Kings of War (Online, 10 Jan)
If you need the prospect of a treat to see you through the first dark week of 2021, then next Sunday’s stream of Ivo van Hove’s epic reimagining of Henry V, Henry VI and Richard III in Kings of War (available through ITALive) should do the trick. This one night only event is quite something with Shakespeare’s conniving royals and would be leaders making the Sopranos look like amateurs with their murderous ambitions. Forceful, gripping and operatic, it’s four and a half bloody hours long, boasts an array of quite remarkable performances, and is characterised by van Hove’s trademark mix of live action and close-up camera work. Power definitely corrupts in a production that cleverly combines soap opera with a forensic examination of leadership and which highlights the terrible cost of war to ordinary people.
How It Is (Online, 9 & 10 Jan)
Imagine devoting yourself for a quarter of a century to staging the novels, short stories and texts of Samuel Beckett. You might be quite depressed. But that’s exactly what Irish company Gare St Lazare Ireland have been doing and the results have often been stunning, sometimes provoking, and dare I say it, on occasion uplifting. This coming Saturday and Sunday, Beckett fans will be able to see an exclusive performance (via the company’s website) of the third part of Beckett’s mysterious 1961 novel starring two superb actors, the mighty Stephen Dillane and Becket specialist, Conor Lovett. Well worth a look and it will undoubtedly whet your whistle for the six hour performance of all three parts of the novel which will be staged in 2021.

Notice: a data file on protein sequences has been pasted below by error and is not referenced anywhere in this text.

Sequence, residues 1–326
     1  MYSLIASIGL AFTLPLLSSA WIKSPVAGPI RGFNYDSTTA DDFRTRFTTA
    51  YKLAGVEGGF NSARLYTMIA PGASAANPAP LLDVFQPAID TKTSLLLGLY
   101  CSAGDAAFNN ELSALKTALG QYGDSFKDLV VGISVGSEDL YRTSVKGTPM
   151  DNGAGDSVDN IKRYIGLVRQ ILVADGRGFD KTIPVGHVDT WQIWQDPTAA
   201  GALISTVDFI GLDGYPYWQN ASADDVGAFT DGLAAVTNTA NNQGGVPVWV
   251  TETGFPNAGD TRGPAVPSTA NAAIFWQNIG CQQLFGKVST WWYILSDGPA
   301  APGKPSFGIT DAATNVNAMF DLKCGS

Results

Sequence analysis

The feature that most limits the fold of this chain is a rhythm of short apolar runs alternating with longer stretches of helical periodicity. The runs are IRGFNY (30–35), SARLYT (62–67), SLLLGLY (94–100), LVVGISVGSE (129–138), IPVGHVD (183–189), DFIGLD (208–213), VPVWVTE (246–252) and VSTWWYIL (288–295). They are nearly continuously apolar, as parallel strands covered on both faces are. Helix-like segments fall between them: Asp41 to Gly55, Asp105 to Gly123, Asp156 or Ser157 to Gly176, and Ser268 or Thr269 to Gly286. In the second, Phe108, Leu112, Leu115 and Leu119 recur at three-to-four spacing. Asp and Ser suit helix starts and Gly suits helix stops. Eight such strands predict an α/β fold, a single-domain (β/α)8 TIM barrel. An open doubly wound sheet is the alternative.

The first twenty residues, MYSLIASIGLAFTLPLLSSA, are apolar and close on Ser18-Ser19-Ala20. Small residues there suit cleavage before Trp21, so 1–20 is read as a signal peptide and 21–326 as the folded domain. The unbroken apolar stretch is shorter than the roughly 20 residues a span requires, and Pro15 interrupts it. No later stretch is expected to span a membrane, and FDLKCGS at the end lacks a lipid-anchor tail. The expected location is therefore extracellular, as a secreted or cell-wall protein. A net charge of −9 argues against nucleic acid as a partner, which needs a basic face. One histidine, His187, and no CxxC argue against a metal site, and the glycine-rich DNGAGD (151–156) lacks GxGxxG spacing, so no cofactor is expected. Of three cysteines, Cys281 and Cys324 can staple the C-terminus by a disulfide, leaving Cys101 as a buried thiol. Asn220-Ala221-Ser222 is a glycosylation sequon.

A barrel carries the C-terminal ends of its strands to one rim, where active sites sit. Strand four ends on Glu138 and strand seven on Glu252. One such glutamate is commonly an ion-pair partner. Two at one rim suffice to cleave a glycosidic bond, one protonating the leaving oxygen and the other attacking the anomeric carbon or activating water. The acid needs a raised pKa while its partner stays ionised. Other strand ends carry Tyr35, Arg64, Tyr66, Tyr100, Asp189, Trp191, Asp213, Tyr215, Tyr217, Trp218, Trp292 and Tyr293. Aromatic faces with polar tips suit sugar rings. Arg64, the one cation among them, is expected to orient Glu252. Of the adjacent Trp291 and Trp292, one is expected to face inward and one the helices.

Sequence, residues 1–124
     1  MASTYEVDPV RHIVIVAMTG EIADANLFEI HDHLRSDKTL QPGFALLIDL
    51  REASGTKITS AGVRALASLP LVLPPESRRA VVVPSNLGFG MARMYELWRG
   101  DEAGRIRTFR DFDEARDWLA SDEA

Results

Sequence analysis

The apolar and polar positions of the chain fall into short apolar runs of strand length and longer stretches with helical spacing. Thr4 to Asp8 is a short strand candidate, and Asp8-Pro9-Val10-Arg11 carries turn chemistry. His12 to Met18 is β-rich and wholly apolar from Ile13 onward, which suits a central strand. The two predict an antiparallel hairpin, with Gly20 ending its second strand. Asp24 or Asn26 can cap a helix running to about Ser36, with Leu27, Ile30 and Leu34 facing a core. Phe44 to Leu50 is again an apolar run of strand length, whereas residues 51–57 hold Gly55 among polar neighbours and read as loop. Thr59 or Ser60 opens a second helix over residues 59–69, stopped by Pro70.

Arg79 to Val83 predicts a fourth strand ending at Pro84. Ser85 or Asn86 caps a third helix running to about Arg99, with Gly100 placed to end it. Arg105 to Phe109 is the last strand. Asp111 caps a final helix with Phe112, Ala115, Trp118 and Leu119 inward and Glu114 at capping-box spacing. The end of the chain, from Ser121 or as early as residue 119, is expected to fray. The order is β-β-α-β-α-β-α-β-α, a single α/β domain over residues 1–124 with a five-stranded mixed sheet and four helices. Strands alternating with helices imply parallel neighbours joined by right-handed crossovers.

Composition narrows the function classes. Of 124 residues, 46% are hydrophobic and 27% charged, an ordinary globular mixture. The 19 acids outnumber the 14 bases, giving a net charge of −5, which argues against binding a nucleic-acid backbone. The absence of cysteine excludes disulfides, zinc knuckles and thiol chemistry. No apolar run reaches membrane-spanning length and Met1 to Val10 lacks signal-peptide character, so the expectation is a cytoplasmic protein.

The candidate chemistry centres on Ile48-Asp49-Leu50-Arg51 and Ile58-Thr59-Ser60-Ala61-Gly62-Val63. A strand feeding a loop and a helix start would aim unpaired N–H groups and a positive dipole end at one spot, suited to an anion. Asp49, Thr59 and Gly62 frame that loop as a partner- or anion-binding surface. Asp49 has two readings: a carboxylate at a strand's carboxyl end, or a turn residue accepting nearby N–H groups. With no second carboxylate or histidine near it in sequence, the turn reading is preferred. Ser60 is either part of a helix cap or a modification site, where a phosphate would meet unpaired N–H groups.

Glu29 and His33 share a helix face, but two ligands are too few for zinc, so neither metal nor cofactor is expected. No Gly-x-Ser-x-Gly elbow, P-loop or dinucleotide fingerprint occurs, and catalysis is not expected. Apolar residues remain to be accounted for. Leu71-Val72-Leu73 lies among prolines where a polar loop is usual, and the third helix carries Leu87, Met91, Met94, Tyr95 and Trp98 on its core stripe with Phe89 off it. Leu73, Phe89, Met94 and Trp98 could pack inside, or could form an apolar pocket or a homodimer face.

The Ocean at the End of the Lane (Duke of York’s, Oct 2021)
Booking ahead for anything at the moment feels like a lottery, but sometimes you just have to see it as an investment in your and theatre’s the future. The NT’s postponed transfer of Neil Gaiman’s novel about a boy plunged into a magical world where he must battle dark forces will now hit the West End in October 2021. Joel Horwood’s adaptation, directed by Katy Rudd, won rave reviews and sold out when it premiered at the National back in late 2019. Plenty praised it as being the heir to that other hit NT show, The Curious Incident of the Dog in the Night-Time, and with its mix of puppetry, magic and adventure it charmed young and old and critics and audiences alike.
You can find hundreds of streaming theatre shows - many of them available for free - in our Streamdoor guide